Whenever any young person has a long break from school, it can seem like an uphill struggle to get them back into a school routine. They may be less than enthusiastic about going back to the books, their sleep schedule is most likely off and they would rather be spending their time hanging out with friends than sitting behind a desk.
Even young people who are looking forward to returning to school and are capable and self -assured can approach a new school year with worries, especially those going into exam years; what if I don’t measure up to what’s expected of me academically, what if I disappoint parents, teachers and myself, what if there isn’t enough time to get everything covered.
being back at school doesn’t have to be full of stresses and strains and there are ways of easing back into the school year. Remind your child that school can be an enjoyable experience. Help them to focus on the good things about school, the things they most enjoy, even if it is only lunchtime and the bell signalling home time. As the year progresses, notice what subjects they are interested in or teachers they like and focus on them.
Encourage them to get involved in the social side of school by joining sports teams or clubs as this is a great way to have fun and make new friends. A lack of sleep makes it difficult to concentrate and perform well in school. Studies suggest that teenagers need at least eight and a half hours sleep per night. Some of the following can help teenagers develop a healthy sleep pattern: going to bed at the same time every night and getting up at the same time every morning, relaxing before bedtime with music and turning off TV’s and computers at least an hour before going to sleep.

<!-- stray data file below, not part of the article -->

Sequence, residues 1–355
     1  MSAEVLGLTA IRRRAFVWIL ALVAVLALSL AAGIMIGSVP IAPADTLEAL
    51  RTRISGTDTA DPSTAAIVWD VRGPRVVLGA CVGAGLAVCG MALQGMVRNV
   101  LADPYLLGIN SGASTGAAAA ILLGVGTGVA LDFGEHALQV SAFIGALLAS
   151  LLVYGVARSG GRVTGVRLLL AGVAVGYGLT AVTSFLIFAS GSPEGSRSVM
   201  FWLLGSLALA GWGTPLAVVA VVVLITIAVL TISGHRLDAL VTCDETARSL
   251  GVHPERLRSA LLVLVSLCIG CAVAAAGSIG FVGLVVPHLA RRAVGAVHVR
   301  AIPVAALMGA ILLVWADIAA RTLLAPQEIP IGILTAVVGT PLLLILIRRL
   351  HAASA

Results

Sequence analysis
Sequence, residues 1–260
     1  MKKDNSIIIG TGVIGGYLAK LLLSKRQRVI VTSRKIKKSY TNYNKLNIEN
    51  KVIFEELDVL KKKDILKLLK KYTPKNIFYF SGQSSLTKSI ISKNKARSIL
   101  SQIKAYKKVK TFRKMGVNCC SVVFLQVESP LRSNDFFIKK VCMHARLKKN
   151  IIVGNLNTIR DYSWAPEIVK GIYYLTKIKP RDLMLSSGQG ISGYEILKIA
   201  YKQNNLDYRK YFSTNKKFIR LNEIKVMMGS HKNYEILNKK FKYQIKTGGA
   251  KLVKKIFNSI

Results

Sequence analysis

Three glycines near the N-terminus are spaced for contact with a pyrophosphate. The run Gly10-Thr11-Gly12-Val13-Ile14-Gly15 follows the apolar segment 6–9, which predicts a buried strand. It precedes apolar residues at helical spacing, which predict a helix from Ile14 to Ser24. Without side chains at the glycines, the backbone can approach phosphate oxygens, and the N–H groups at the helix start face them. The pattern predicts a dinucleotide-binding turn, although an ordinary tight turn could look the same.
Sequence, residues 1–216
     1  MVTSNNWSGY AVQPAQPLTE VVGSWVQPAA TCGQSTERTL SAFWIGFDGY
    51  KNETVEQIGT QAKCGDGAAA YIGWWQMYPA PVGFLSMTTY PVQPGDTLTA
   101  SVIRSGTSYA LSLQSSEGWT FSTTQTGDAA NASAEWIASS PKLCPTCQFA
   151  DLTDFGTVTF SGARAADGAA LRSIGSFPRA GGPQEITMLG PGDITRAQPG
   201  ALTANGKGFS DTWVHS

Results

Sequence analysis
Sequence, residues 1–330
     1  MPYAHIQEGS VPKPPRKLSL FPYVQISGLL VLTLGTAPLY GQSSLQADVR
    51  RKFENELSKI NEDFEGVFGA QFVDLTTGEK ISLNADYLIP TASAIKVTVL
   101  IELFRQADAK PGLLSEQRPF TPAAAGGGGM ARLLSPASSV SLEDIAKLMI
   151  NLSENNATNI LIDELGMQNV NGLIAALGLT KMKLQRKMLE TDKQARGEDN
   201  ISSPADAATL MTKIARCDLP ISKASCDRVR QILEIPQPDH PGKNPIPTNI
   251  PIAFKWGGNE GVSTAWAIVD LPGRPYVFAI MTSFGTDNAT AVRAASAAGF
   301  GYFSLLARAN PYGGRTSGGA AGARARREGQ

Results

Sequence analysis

Getting organised can help young people manage feelings of stress, especially for those in exam years. So begin by encouraging them to plan ahead, get them a personal planner so they can mark in important dates relating to exams, homework deadlines and other important times.
Being prepared for exams starts with paying attention in school, understanding what is happening in class and staying up to date on subjects. Encourage your child to get help if they are struggling with schoolwork and to make the most of their school day by using any free time they may have to get a head start on homework and study. Finally be compassionate, remember what it is like to go back to work after a nice relaxing holiday, it can be tough!
Article provided by Clare Crowley Collier, Therapist, Educator & Facilitator for Teenagers and Parents
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